The Missouri Senate and Missouri House have both passed bills to ban sales of electronic nicotine delivery devices to minors.
House Bill 1690 and Senate Bill 841 would both limit the sales of these devices, sometimes called e-cigarettes, to consumers 18 years old and older, and both versions would not subject the devices to regulation or taxation as tobacco products.
In the 50 years since the Surgeon General first reported on the dangers of smoking tobacco, much has been done to effect change. At the time of the first Surgeon General’s Report, 42 percent of American adults smoked. Today, only 18 percent do.
A Words to Live By award goes to House Minority Leader Nancy Pelosi, D-Calif., who reportedly advised her fellow Democrats to “embrace the suck” and vote for the budget agreement crafted by Rep. Paul Ryan, R-Wis., and Sen. Patty Murray, D-Wash.
It seems that liberal colleagues objected to certain provisions of the compromise but Pelosi believed a flawed deal beat no deal at all. Her half-a-loaf-is-better-than-nothing approach was reminiscent of the practicality that once characterized negotiations on Capitol Hill.
A proposal to ban smoking in the Capitol offices of Missouri House members has been snuffed out by a committee.
The House Rules Committee rejected the office smoking ban Tuesday on an 8-4 vote, with all Republicans against it and all Democrats for it. House rules already prohibit smoking in the hallways and the chamber while lawmakers are in session. But legislators can allow smoking in their own offices.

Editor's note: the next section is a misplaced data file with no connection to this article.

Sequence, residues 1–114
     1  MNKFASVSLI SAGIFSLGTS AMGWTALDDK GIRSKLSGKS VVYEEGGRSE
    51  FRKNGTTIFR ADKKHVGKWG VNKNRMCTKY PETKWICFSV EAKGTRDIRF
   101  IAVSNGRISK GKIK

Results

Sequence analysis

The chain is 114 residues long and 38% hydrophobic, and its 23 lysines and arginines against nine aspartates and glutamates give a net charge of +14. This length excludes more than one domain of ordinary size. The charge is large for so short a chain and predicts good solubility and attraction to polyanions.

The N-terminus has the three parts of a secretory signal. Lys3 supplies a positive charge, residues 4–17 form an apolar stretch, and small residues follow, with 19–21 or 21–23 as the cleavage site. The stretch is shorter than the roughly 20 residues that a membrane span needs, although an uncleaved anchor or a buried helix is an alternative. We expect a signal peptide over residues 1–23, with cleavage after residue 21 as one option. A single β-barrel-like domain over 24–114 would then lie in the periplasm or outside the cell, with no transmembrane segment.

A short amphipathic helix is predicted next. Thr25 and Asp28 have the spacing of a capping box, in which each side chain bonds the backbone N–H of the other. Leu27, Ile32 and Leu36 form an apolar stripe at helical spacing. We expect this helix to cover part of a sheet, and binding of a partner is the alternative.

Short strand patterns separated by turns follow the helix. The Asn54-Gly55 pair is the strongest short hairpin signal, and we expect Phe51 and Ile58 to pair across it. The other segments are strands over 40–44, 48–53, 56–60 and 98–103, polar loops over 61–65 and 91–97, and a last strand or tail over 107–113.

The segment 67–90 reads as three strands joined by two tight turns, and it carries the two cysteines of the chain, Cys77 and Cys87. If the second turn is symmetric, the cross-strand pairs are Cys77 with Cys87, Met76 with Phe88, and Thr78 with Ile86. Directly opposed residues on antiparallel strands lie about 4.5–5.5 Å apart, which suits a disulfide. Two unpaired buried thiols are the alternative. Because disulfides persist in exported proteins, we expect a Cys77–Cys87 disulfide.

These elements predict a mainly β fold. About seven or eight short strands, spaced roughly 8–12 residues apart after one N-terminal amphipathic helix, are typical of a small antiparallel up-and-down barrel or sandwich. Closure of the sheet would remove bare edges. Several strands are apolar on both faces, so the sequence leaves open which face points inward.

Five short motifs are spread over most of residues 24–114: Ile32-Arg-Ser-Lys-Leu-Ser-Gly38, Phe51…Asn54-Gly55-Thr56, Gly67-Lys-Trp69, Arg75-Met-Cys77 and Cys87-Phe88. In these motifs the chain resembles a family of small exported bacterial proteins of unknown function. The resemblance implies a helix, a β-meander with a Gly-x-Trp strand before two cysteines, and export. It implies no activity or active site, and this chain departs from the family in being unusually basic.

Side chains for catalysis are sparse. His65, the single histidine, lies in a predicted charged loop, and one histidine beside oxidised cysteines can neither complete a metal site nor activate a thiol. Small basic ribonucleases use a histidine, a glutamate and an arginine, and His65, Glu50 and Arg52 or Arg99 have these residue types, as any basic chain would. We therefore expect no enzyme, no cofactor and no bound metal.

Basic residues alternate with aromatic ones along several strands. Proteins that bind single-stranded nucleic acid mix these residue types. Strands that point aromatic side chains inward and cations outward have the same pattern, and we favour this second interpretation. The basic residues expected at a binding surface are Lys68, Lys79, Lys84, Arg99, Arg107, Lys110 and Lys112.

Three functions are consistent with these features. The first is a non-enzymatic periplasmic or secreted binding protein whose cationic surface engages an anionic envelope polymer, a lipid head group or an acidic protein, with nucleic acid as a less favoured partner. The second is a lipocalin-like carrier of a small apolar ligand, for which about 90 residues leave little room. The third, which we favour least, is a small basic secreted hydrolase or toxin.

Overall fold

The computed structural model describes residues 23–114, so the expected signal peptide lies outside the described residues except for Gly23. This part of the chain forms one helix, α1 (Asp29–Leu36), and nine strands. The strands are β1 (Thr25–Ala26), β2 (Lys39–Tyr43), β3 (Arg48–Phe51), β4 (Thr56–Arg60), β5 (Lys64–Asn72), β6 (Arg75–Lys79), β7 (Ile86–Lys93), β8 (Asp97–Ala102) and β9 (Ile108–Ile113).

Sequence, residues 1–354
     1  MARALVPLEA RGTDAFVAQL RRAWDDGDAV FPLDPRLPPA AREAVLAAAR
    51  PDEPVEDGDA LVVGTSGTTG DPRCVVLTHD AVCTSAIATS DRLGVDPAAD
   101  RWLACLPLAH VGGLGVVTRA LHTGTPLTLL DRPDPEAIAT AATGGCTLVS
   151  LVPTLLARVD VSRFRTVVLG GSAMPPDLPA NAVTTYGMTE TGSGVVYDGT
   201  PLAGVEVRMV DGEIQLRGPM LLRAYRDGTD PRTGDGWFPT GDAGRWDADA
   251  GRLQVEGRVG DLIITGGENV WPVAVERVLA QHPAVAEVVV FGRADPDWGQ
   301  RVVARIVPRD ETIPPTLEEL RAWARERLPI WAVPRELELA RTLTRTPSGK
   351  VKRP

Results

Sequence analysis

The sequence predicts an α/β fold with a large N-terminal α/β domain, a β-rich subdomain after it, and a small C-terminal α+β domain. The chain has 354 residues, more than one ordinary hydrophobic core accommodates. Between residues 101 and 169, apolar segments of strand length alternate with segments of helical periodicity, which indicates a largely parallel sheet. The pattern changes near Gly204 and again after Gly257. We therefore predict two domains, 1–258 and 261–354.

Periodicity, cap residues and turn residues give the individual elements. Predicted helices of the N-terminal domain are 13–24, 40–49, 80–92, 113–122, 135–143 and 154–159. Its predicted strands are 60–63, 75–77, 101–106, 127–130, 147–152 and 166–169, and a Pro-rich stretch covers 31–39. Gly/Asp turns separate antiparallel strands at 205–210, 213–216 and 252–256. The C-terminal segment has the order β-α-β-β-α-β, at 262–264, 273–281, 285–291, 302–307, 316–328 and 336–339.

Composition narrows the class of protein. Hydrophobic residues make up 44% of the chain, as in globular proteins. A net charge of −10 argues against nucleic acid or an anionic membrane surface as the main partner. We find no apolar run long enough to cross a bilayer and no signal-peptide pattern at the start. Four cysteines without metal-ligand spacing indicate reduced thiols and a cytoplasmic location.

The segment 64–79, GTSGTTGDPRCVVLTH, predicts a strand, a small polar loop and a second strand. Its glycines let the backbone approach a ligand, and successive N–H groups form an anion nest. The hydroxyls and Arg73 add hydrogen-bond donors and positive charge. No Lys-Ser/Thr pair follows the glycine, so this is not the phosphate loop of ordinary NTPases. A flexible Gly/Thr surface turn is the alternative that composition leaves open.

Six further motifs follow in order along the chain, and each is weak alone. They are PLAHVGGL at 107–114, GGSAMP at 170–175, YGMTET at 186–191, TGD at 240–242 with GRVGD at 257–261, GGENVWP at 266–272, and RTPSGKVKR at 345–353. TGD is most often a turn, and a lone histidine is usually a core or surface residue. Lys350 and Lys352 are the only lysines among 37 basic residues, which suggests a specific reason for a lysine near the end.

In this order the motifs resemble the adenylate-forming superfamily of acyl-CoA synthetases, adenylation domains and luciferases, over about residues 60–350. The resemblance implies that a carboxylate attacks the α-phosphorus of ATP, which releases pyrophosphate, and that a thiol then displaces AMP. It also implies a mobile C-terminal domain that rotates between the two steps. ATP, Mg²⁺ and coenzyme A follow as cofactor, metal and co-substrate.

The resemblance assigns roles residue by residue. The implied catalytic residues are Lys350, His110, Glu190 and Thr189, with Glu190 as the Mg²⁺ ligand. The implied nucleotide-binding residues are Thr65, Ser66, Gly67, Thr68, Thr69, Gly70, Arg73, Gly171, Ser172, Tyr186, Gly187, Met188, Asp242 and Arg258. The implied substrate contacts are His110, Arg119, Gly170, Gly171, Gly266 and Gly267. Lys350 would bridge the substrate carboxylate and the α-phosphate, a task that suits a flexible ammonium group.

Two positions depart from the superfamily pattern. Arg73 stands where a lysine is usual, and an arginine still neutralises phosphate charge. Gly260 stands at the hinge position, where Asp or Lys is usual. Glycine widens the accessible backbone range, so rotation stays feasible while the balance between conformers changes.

Public meeting to be held on City-Arch-River Project
Members of the public will have another chance to weigh in on one of the most controversial parts of the City-Arch-River 2015 project - what to do about the portion of Interstate 70 that runs through downtown.
The Missouri Department of Transportation will hold a public meeting on its plans for the depressed section of the interstate at St. Louis City Hall on Tuesday.
A higher percentage of Missouri's workers are exposed to secondhand cigarette smoke than in any other state.
A 2007 telephone survey funded by the Missouri Foundation for Health looked at the tobacco use, health, and demographics of close to 24,000 indoor Missouri workers. About 12 percent were exposed to secondhand smoke, compared to about 7 percent of workers nationwide.